Biweekly Binge: Films on and as movement
A fortnightly column on what’s good in the vast ocean of content in the streaming platforms around you, and this week, it's Songs My Brothers Taught Me, streaming on MUBI
The ground beneath Chloé Zhao’s feet grows slender wings and takes flight over barren landscapes, forever virginal to the movie audience’s eyes. For in Zhao’s direction and editing, the movement turns lyrical and captures characters moments before they break inertia. In her recent Nomadland, a favourite in this muted awards season, Fern (Frances McDormand) collects the residues of her life to live houseless – she corrects someone in the film when they refer to her as homeless – after a countrywide economic downturn and more specifically, an industrial halt in her small town of Empire, Nevada. She chooses the vagabond life in a van. In her sophomore feature The Rider (2017), Zhao was in Oglala Lakota Indian reservation, training her eyes on Brady, a rodeo star who suffers a head injury and comes to terms with his uncertain future in the spotlight and the region.
But it is for her debut, Songs My Brothers Taught Me (2015) that Zhao first went to South Dakota’s Pine Ridge Reservation, and documented life in the “rez” through John Winters, one of several sons of Carl Winters, a famed rodeo icon, who dies in a house fire. John and his sister Jashaun have come to terms with a life of neglect. John sells bootlegged alcohol in the reservation to make some money and is looking forward to moving out of the region to Los Angeles with his girlfriend. Jashaun’s future is precarious, and it is through her eyes that we see the Native American life unfold, the issues it lays bare and the struggles lying underneath. Through her first two films, Zhao grew comfortable working with locals and non-actors. John Reddy plays Johnny Winters and Jashaun St John plays Jashaun Winters.
In Songs My Brothers Taught Me – streaming on MUBI – the dramatic arc is drawn out of Johnny’s inner spirit, a part of which wants to leave the reservation forever even if it means leaving Jashaun to fend for herself, an enterprise she’s already becoming comfortable navigating. Zhao captures life in the reservation in atmospheric vignettes and they inform these behavioural aspects of Johnny and Jashaun. The film begins with these lines about a horse Johnny is riding – “If you are gonna keep on running your horse, you gonna break his spirit. You need to leave a little bit of the wild they are born with.” It’s the sentiment Zhao’s debut feature interrogates and using non-actors allows her to focus on her panorama, they bring authenticity to a land that’s already teeming with stories that crop up in the edges of her frames – like a protest calling for alcohol regulation in the community or bootlegging gang wars.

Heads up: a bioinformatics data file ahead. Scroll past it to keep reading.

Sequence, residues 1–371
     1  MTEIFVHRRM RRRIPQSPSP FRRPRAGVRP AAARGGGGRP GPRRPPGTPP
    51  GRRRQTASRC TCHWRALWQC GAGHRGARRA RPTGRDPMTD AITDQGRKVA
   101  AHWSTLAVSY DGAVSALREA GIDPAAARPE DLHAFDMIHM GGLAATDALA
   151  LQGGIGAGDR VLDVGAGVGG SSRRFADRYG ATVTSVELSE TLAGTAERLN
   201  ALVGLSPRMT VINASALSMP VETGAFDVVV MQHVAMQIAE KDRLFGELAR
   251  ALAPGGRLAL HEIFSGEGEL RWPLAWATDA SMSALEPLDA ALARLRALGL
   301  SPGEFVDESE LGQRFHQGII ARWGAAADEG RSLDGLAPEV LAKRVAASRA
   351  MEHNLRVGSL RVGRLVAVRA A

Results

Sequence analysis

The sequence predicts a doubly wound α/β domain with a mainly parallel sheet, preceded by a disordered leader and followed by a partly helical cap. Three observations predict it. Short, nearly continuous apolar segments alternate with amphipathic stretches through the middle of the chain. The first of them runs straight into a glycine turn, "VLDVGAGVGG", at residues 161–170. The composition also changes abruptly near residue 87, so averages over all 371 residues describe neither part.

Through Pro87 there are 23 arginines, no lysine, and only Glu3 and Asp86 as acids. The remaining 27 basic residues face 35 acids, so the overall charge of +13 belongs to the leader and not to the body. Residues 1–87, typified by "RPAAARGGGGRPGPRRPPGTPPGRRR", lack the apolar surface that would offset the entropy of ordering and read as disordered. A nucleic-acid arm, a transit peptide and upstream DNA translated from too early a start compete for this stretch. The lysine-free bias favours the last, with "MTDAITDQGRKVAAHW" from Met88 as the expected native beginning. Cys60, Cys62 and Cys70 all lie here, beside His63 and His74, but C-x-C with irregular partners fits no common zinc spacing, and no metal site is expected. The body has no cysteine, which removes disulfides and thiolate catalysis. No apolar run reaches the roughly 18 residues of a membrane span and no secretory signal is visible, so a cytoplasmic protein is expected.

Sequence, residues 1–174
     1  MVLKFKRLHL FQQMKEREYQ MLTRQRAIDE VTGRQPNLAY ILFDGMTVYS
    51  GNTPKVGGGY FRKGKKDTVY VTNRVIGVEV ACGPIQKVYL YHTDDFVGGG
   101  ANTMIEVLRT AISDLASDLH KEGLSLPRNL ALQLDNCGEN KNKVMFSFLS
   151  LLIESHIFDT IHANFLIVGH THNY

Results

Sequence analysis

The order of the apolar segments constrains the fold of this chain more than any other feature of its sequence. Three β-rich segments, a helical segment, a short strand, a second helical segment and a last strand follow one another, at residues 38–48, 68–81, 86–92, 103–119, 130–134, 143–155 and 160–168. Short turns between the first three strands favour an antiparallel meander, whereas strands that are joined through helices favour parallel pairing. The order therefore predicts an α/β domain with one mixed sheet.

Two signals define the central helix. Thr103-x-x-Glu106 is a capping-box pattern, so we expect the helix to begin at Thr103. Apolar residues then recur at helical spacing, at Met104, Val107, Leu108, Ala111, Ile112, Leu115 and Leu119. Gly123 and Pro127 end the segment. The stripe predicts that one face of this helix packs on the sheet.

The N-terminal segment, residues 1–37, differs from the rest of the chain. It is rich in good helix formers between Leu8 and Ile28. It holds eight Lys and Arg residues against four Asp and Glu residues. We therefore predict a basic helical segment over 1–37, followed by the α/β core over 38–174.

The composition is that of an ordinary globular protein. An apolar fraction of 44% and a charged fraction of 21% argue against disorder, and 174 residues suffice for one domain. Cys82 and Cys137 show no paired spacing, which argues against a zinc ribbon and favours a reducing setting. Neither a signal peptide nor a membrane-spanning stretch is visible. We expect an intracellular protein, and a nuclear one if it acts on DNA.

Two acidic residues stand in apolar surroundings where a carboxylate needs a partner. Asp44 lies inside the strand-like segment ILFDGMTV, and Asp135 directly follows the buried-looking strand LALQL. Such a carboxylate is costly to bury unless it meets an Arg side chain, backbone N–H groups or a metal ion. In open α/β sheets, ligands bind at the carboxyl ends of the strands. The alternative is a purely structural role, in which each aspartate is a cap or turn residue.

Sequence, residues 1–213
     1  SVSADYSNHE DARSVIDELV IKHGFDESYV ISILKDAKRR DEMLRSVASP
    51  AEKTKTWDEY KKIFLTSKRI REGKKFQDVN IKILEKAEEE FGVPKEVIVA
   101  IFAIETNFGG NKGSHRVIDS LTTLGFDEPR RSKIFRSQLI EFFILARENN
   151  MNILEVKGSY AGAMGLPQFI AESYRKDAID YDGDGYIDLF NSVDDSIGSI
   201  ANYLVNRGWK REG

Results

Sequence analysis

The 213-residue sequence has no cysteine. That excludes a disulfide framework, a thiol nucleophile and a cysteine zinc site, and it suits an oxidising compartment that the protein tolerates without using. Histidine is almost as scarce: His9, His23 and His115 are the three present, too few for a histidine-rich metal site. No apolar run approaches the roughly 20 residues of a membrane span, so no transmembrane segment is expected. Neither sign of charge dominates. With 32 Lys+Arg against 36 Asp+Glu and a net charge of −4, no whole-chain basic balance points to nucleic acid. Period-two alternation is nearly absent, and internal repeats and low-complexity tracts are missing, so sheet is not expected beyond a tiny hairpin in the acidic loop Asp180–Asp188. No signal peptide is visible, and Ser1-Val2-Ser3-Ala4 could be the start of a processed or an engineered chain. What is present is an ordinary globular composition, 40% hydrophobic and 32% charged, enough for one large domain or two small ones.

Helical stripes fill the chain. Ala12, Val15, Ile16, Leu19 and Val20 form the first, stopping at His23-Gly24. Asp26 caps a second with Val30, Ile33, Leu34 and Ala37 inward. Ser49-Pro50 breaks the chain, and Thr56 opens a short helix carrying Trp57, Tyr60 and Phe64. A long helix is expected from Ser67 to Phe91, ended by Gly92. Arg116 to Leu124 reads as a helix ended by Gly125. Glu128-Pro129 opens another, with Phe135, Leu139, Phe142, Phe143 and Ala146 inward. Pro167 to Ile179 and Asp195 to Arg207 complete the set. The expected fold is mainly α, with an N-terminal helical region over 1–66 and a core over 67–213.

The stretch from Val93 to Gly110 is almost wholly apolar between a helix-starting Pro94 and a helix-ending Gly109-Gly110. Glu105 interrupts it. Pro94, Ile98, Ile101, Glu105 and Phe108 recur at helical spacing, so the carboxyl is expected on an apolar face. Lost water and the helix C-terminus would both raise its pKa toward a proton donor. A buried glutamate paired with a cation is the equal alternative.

In Johnny’s high school, a teacher asks students what they want to be when they grow up. A lot of answers have to do with the community – ranch, riding bulls, rodeo, boxing. Only Johnny’s girlfriend says something off-kilter -- she wants to become a lawyer. Naturally, she’s the one going away and the one Johnny wants to tag along with, no plan in hand.
All of Zhao’s films wrestle with this movement, the definition of home and what it is like to live a life between outdoors and an idea of home or between home and an idea of the wilderness. It’s only natural that she was pulled towards the reservation, the natives who were colonised and trapped in their own homeland. Zhao is an immigrant, moving from China to United Kingdom and later to America, and her films are intensely American, in their disposition and in their politics. And it never feels dissonant, for who could be more capable of capturing that inertia than one who has seen and experienced multiple cultures?